Press release - 140(2011)
Council of Europe anti-torture Committee publishes report on Malta
Strasbourg, 17.02.2011 – The Council of Europe's Committee for the Prevention of Torture (CPT) has today published a report on its fourth periodic visit to Malta, which took place from 19 to 26 May 2008, together with the response of the Maltese Government. Both documents have been made public at the request of the Maltese authorities.
In the course of the visit, the CPT examined the treatment of persons detained by the police, irregular immigrants detained under the Immigration Act and prisoners in the Corradino Correctional Facility. It also visited several wards at the Mount Carmel Hospital as well as the Fejda Programme and Jeanne Antide establishments for female minors and juveniles.
The 2008 visit report states that the majority of persons met by the CPT’s delegation made no complaints of ill-treatment by police officers. The report does however refer to one specific allegation and makes recommendations concerning the treatment of vulnerable persons in police custody, the conduct of inquiries into allegations of ill-treatment and the use of electro-shock weapons by the police. Further, the right of a person detained by the police to consult in private with a lawyer was still not in force at the time of the visit. In addition to calling for this right to be applied without any further delay, the CPT also recommends that the Maltese authorities extend this right to all criminal suspects deprived of their liberty and that it include the possibility for a lawyer to be present during police interrogations.
As regards foreign nationals detained under the Immigration Act, the report refers to a particular incident of alleged ill-treatment of detainees at Safi Barracks. It recommends that a criminal investigation be carried out every time credible allegations of ill-treatment by public officials are made by persons deprived of their liberty. Recommendations are also made to improve the material conditions, regime and health care provision in immigration detention centres.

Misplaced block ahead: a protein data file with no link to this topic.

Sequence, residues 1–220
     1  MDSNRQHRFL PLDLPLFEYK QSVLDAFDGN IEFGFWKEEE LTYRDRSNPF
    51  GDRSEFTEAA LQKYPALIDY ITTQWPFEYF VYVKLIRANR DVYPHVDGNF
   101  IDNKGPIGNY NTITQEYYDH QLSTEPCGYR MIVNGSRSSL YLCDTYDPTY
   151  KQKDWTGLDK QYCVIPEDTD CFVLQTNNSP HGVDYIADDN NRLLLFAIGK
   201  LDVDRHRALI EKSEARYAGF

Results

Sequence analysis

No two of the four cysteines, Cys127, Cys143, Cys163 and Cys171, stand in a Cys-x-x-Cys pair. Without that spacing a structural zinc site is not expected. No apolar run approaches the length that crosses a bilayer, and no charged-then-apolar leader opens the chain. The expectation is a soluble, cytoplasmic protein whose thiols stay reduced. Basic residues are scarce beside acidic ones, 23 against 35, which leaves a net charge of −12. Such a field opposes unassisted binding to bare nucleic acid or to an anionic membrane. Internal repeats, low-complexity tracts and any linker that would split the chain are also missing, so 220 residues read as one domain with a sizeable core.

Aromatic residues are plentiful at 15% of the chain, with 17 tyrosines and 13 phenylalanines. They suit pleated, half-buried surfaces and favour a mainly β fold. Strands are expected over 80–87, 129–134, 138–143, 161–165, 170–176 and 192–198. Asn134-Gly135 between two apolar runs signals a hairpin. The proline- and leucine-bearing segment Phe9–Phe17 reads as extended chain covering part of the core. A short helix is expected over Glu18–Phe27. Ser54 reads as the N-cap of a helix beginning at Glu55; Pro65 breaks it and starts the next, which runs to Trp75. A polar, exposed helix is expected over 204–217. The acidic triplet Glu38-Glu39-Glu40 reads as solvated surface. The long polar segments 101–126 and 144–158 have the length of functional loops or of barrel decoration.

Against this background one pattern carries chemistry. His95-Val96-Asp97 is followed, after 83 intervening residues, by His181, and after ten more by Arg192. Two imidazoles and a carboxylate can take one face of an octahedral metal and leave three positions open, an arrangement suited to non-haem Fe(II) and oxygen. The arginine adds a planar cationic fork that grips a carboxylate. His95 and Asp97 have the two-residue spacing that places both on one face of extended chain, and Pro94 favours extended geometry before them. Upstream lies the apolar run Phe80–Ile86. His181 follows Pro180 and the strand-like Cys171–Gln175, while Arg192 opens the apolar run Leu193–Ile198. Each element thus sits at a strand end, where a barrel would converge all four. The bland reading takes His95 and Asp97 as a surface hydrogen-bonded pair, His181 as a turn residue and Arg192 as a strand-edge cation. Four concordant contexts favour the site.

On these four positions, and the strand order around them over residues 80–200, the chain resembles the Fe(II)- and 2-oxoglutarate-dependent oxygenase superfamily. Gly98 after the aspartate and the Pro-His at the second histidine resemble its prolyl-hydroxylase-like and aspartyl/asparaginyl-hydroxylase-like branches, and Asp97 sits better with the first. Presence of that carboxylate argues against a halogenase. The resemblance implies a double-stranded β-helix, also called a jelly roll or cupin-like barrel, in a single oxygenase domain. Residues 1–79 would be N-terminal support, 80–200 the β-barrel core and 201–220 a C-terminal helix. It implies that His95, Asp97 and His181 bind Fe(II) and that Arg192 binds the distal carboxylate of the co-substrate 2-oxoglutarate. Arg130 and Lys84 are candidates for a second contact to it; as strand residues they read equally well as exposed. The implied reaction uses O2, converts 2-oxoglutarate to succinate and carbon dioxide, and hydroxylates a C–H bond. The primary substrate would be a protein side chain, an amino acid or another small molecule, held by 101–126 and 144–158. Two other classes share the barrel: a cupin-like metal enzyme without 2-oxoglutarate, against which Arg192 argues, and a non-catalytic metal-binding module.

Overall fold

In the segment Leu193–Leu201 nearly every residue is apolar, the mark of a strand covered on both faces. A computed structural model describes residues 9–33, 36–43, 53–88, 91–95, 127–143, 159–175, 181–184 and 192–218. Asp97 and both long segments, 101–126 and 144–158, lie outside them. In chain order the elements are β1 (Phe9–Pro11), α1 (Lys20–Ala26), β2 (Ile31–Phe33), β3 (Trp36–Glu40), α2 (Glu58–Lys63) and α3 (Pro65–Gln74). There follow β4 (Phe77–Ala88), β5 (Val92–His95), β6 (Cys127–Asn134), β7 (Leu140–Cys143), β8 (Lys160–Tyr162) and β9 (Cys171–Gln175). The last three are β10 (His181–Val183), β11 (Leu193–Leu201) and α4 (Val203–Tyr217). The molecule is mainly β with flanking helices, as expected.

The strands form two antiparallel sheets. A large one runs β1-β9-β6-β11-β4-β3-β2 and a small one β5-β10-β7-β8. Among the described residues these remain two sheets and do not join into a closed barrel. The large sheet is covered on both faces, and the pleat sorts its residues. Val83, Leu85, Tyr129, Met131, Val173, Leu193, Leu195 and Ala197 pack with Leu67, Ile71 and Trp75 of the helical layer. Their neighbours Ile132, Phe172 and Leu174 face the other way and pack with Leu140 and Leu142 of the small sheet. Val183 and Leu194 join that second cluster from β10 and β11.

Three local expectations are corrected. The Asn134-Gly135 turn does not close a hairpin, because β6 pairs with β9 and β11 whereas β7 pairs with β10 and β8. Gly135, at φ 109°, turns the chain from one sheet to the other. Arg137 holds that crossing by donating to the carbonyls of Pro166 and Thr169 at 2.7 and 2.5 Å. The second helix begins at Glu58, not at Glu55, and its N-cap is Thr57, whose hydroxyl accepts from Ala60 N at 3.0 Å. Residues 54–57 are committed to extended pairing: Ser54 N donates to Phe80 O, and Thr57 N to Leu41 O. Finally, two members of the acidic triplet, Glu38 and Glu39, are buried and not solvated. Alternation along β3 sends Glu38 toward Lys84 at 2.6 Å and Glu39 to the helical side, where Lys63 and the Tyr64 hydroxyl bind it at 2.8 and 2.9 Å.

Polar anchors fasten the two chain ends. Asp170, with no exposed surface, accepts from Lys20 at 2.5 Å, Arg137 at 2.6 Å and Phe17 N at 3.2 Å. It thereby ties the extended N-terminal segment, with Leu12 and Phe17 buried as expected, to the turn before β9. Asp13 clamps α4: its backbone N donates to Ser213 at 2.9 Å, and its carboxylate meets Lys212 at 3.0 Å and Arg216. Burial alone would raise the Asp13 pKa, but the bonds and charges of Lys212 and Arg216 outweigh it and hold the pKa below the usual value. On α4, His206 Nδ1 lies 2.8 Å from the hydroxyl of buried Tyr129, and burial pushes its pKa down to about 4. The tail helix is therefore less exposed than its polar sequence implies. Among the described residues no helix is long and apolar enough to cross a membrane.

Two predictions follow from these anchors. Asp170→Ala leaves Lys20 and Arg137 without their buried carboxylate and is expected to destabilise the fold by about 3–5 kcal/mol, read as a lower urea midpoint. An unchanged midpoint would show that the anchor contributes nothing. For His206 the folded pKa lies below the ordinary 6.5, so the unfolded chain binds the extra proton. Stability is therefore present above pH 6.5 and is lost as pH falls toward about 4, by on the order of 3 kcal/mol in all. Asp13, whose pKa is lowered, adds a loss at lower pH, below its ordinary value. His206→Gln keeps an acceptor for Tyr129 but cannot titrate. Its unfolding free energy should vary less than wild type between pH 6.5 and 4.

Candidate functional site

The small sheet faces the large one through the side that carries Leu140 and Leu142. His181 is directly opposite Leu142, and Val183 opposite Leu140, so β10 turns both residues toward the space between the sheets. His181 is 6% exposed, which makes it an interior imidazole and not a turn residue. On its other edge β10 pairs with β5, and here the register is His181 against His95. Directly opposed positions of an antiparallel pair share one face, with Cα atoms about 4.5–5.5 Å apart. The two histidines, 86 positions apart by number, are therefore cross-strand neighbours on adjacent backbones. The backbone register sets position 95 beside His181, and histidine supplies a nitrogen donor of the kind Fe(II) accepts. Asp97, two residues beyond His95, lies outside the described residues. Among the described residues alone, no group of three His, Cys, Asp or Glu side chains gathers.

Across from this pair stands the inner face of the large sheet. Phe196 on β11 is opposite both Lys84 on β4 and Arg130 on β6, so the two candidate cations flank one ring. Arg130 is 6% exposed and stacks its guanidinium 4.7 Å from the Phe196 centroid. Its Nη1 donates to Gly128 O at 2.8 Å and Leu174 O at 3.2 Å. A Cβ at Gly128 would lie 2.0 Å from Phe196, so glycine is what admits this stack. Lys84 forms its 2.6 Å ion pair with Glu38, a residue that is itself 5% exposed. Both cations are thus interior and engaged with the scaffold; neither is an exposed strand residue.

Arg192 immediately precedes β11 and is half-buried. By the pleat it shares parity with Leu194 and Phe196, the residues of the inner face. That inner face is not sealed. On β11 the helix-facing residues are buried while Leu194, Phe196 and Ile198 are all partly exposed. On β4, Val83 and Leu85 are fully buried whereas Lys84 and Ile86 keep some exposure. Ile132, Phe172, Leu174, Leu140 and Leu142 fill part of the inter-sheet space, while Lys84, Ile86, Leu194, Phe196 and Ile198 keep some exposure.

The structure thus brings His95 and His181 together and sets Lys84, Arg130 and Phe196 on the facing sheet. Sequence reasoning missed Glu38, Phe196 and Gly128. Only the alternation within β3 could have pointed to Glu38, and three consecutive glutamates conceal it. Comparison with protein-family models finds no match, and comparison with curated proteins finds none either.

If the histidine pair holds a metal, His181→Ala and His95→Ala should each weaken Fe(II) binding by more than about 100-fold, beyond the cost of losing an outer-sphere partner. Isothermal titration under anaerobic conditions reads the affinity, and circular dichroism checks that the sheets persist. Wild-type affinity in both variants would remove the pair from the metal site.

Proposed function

As regards Corradino Correctional Facility, the report states that the findings of the visit were of such scope and seriousness that the CPT considered it essential to recommend that an independent and comprehensive audit of the establishment be carried out. In particular, concerns are raised about the lack of trained staff, the absence of an allocation and classification system in the prison, and the existence of informal power structures which place numerous inmates in a submissive position vis-à-vis gang-type practices and allow a considerable amount of drug trafficking to take place.
The report also criticises the material conditions in several wings of the prison and makes a number of recommendations to improve the provision of health care and to put in place formal disciplinary procedures that are properly applied. Particular concern is raised in relation to the detention in the prison of children of less than 16 years of age.
In respect of Mount Carmel Hospital, the report states that no allegations of ill-treatment of patients were received. Reference is made to the good living conditions on several wards; however, those on the Forensic, Maximum Security and Irregular Immigrants’ Wards are criticised. Several recommendations are made concerning the lack of staff resources and the use of means of physical restraint and seclusion/ “time out” rooms. The report also makes a number of comments on the draft of the new Mental Health Act.
The two institutions for female juveniles and children, Fejda Programme and Jeanne Antide, were found to offer acceptable living conditions for relatively short stays only. A number of recommendations are made in particular aimed at improving health care provision.
In their response, the Maltese authorities provide information on the steps being taken to address the issues raised by the CPT. In particular, reference is made to inquiries carried out into the allegations of ill-treatment raised in the report and to the Board of Inquiry set up to examine the situation in Corradino Correctional Facility. Information is also provided on the training and safeguards in place concerning the use of electro-shock weapons by police officers. As regards Mount Carmel Hospital, the authorities refer to the policy in place regarding seclusion and list the steps taken to improve the living conditions. Information is also provided on the situation in the Fejda Programme and Jeanne Antide establishments.
The CPT's visit report and the Maltese Government's response are available on the Committee's website: http://www.cpt.coe.int.
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